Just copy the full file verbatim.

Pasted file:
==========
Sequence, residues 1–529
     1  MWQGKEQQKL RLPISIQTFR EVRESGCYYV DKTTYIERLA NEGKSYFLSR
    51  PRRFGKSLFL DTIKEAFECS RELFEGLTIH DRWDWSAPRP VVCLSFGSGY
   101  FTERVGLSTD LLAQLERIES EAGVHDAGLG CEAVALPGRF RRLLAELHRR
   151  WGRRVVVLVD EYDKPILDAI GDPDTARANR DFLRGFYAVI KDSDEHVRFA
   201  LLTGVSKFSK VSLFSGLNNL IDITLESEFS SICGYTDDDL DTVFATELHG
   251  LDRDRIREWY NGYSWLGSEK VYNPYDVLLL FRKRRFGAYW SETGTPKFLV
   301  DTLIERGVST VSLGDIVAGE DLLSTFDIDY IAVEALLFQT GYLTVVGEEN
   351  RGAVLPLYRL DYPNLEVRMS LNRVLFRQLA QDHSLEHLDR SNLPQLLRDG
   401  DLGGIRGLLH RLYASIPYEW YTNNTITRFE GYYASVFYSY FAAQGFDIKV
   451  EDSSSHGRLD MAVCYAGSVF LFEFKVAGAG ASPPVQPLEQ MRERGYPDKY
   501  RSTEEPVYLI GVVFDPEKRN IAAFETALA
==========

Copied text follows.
Sequence, residues 1–529
     1  MWQGKEQQKL RLPISIQTFR EVRESGCYYV DKTTYIERLA NEGKSYFLSR
    51  PRRFGKSLFL DTIKEAFECS RELFEGLTIH DRWDWSAPRP VVCLSFGSGY
   101  FTERVGLSTD LLAQLERIES EAGVHDAGLG CEAVALPGRF RRLLAELHRR
   151  WGRRVVVLVD EYDKPILDAI GDPDTARANR DFLRGFYAVI KDSDEHVRFA
   201  LLTGVSKFSK VSLFSGLNNL IDITLESEFS SICGYTDDDL DTVFATELHG
   251  LDRDRIREWY NGYSWLGSEK VYNPYDVLLL FRKRRFGAYW SETGTPKFLV
   301  DTLIERGVST VSLGDIVAGE DLLSTFDIDY IAVEALLFQT GYLTVVGEEN
   351  RGAVLPLYRL DYPNLEVRMS LNRVLFRQLA QDHSLEHLDR SNLPQLLRDG
   401  DLGGIRGLLH RLYASIPYEW YTNNTITRFE GYYASVFYSY FAAQGFDIKV
   451  EDSSSHGRLD MAVCYAGSVF LFEFKVAGAG ASPPVQPLEQ MRERGYPDKY
   501  RSTEEPVYLI GVVFDPEKRN IAAFETALA